When you enter a new niche — especially in search marketing via SEO and PPC campaigns — it’s important to identify strong players as well as smaller competitors that aren’t immediately on your radar. They might not rank for the most keywords, but they often rank for the most valuable keywords.

Be sure to include these two goals in your research:

1. Understand who really dominates the niche

Monster.com is a giant in the job listing field. They’ve been advertising during the Super Bowl for at least 15 years, so they have been the big name to chase. However, when you look for the site that ranks for top keywords in the job hunt niche, it is actually Indeed.com that dominates.

All it takes to gut-check old assumptions is to search one industry-related domain on SpyFu.com. (I started with Monster.com.) SpyFu finds your direct competitors and shows how they ranked over time for relevant keywords. If one powerhouse site appears in topical search results more often than others, you can spot that at a glance.

Spyfu screenshot

Before seeing that chart (and expanding the time window to look back 5 years) I would have guessed that Monster.com had dominated the niche, and that Indeed.com had just started emerging over the past year. I would have been completely wrong.

2. Give credit to websites with focused and valuable SEO.

Now that you can pinpoint the giants, remember that size doesn’t always rule. The previous example helps you battle wrong assumptions. However, ranking for the most searches doesn’t necessarily make them your biggest threat (or best example to emulate).

Many keywords a giant ranks for could easily be irrelevant, throw-away keywords. (Linkedin.com ranks for “ako” and “capital of Spain” to name a few.) Don’t be distracted by high keyword counts alone. Instead, pay attention to competitors whose SEO delivers meaningful traffic from valuable keywords. Here’s how to spot them.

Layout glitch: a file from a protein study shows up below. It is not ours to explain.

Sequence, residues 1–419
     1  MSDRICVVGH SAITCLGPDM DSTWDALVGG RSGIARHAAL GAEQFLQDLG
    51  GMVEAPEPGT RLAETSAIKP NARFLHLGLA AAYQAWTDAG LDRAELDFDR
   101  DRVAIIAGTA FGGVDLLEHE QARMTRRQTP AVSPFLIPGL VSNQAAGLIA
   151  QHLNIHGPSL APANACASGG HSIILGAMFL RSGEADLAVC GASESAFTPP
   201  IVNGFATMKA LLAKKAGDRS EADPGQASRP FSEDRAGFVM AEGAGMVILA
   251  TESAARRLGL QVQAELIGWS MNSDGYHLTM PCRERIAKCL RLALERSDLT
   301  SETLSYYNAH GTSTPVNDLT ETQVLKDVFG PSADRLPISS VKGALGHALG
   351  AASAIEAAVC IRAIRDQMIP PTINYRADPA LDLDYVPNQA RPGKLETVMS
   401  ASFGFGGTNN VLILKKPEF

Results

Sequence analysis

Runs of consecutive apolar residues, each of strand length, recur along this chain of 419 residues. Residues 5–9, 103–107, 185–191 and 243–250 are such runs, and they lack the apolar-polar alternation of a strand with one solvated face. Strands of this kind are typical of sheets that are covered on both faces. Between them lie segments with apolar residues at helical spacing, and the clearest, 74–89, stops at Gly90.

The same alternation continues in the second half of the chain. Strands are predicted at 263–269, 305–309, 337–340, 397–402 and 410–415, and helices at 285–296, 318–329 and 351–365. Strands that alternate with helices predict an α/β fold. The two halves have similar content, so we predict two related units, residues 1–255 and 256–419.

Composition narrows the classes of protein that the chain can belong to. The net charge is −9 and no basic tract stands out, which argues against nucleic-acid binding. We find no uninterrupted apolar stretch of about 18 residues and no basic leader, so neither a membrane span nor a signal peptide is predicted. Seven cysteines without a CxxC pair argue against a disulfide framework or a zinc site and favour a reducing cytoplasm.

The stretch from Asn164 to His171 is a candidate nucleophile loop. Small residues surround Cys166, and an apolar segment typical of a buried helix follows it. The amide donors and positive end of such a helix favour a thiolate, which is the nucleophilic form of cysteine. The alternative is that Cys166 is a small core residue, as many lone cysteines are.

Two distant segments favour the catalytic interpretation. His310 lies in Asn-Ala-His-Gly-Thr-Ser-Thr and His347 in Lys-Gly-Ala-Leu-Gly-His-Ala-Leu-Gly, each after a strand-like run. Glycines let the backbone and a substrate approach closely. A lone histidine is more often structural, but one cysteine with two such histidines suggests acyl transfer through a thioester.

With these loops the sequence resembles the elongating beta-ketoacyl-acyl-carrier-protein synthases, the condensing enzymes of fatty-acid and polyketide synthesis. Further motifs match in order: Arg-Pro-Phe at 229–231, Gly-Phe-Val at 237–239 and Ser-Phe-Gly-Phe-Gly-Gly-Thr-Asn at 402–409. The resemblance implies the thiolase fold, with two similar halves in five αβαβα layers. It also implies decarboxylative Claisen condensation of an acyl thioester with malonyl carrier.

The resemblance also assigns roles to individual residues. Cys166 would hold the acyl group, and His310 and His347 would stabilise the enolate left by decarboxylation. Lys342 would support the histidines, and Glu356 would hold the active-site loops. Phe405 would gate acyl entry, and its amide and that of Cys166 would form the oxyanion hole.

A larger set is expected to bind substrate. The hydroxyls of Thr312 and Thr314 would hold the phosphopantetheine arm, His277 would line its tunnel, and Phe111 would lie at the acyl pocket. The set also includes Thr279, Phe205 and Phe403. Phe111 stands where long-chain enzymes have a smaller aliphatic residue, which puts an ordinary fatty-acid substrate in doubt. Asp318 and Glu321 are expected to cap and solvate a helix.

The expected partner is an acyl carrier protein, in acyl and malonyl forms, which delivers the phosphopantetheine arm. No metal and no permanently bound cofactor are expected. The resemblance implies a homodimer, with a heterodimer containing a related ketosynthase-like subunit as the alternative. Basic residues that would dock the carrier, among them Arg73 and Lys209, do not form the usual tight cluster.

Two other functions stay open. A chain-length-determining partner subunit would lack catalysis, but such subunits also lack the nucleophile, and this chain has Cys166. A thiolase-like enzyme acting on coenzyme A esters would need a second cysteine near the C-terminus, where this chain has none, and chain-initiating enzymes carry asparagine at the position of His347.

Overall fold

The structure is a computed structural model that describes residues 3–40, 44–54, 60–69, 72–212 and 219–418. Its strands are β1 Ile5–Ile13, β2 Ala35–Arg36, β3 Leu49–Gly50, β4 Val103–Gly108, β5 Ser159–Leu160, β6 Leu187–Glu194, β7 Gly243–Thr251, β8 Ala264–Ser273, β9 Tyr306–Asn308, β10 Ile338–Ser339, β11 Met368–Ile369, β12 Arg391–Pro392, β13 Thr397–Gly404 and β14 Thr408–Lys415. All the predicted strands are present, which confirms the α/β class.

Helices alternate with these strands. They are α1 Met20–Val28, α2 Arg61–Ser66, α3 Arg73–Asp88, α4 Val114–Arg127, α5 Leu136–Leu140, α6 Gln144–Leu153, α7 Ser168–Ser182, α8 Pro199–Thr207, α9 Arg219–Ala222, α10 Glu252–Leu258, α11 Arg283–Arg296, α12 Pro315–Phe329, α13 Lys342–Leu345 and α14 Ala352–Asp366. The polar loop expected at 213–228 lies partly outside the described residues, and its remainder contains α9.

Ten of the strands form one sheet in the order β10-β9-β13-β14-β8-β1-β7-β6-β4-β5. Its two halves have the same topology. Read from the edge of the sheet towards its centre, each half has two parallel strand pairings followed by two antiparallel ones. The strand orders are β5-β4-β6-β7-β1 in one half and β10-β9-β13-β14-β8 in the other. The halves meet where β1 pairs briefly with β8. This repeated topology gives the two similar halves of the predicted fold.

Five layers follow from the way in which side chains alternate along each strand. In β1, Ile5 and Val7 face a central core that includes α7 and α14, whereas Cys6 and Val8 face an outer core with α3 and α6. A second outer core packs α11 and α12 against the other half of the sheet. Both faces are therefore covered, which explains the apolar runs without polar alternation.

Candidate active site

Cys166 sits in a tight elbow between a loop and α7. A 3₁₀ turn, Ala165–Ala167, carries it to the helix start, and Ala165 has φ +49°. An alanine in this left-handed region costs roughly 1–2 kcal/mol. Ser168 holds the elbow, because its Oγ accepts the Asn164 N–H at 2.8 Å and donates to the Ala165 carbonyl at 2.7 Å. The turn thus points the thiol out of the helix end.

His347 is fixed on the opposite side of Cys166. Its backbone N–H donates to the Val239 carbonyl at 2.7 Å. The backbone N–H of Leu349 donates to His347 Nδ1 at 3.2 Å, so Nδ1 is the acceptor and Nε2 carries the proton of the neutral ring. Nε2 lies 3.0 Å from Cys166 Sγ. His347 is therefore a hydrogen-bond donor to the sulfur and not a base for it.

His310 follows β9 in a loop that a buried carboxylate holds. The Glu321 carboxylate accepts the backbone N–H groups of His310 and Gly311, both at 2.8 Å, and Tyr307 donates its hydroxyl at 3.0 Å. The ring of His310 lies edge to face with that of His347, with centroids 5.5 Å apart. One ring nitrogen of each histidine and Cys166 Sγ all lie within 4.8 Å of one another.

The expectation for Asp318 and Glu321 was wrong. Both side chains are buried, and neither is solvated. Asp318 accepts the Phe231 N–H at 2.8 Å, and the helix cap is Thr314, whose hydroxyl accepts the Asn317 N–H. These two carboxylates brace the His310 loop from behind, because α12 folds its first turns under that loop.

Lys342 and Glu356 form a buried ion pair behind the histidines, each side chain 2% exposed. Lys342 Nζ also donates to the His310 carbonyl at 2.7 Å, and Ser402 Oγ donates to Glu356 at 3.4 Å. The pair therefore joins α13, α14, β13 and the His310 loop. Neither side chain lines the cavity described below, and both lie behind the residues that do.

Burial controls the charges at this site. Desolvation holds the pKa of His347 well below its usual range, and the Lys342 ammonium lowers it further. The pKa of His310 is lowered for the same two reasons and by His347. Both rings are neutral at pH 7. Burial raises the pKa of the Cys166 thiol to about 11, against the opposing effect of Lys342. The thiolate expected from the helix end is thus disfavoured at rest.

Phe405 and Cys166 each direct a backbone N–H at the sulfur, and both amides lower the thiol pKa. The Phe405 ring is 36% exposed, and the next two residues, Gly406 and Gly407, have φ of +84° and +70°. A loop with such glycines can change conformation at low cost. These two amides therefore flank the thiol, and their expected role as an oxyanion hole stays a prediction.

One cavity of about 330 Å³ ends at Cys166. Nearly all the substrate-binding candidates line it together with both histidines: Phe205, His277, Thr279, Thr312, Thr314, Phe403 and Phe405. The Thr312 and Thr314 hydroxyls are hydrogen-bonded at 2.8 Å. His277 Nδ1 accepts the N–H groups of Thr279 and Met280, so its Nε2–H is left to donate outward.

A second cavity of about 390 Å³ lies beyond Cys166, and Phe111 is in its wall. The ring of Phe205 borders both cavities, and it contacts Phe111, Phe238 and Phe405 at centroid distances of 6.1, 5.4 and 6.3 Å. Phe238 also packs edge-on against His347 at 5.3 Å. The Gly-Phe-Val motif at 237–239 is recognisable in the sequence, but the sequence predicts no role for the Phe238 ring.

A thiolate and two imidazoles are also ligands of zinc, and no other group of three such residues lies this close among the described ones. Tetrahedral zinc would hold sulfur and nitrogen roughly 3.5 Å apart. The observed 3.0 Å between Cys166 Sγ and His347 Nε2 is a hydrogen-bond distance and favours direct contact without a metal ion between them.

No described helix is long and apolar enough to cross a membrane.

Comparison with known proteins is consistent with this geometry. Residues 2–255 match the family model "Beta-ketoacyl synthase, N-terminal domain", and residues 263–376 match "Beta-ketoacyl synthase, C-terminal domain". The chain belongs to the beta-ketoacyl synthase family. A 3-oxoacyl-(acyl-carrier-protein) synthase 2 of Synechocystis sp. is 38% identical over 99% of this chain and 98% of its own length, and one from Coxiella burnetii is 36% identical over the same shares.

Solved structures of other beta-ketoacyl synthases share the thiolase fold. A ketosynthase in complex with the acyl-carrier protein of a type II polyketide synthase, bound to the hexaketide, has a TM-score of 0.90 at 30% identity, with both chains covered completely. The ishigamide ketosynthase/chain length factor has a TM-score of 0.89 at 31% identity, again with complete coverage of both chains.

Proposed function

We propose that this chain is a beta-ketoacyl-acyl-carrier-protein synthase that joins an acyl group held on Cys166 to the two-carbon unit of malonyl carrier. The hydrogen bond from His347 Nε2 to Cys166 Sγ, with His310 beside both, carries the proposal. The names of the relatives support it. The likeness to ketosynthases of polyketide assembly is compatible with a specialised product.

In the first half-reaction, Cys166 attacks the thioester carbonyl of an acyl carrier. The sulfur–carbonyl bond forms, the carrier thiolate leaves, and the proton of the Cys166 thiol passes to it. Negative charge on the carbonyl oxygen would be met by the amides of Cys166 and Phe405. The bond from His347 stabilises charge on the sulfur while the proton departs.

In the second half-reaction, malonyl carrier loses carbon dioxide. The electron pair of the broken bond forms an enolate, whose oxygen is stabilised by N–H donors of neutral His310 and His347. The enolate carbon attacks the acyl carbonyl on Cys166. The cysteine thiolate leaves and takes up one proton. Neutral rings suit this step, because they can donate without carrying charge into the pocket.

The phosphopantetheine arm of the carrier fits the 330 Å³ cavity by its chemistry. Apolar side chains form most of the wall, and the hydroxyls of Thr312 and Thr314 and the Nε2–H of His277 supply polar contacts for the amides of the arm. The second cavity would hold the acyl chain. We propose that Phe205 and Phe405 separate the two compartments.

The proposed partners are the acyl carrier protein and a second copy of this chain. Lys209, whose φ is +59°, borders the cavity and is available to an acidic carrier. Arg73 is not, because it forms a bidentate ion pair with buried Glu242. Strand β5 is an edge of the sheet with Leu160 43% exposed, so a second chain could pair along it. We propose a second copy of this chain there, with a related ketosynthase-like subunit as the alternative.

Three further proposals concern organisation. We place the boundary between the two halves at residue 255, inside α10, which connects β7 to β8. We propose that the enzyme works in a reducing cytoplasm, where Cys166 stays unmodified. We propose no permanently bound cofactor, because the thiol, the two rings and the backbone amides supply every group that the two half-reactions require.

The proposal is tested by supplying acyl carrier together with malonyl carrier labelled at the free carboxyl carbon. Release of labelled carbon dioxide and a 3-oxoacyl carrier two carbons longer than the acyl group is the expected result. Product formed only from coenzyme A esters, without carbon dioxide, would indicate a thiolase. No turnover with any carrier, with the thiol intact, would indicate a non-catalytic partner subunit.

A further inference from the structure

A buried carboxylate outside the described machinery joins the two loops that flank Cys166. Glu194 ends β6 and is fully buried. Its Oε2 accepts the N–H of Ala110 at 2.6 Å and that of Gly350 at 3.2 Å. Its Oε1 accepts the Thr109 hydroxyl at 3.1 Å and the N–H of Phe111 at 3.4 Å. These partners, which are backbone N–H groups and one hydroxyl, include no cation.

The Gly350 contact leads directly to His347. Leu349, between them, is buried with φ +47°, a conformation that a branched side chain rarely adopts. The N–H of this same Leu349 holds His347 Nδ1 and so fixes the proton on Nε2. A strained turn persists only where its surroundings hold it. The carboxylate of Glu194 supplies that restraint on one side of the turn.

Domains that create more value

When you switch to a “Monthly Value” metric on the chart, you can gauge the value that each domain gains from its organic traffic. Just like with PPC ads, more competitive keywords tend to be more valuable to the domain, so ranking for a few strong keywords can deliver big value.

Spyfu screenshot 2

Again, Indeed.com rises above the others. However, there’s more to uncover. We started this hunt to find domains with focused and valuable SEO — but not so large that they already jump to the front of our minds. A domain with tight focus (read: ranks for fewer keywords) could be hidden from immediate view.

With a monthly SEO value hovering over $9 million each month, Indeed.com creates plenty of value ahead of its competition where others are closer to $1M to $2 million a month. I kept the $9 million target in mind and scrolled down to the full list of Top Organic Competitors to see if I could find any others reaching Indeed.com’s levels.


BOOM! With nearly the same number of keywords as Monster.com, Glassdoor.com captures $10.6M in value each month from its rankings.

Now I can see Glassdoor.com and Indeed.com as two strong domains that create more value overall from their organic content. Glassdoor.com wasn’t top of mind before, and it would have slipped past our sights. The goal is to find competitors that capture relevant and valuable traffic, and these sites get more qualified traffic with every click. If you’re up against them, that’s a key point to remember.

Keep Your Eyes Open

Deeper research into this pool of competitors tells you an interesting story about clicks translating into value. It’s a case of a competitor looming so large that it’s tough to see what is really happening in the niche. There’s help on how to stay alert for market shifts and emerging competitors that you might have missed. Read an in-depth example here.

Now you’re armed with a better eye for potential threats and even possible partners. Anyone can find a competitor. You’re going to find the big answers that happen between the lines.


One comment on “Never Underestimate Hidden Competitors

  1. kris@wecomparedigital.co.uk'
    Thor on

    Not a bad article… However, to those who are new to this area and of course trying to understand this and bring new techniques to my marketing and development team (to which I outsource) can be channelling without knowing on how to best implement this evidence. Tutorials would be fantastic.


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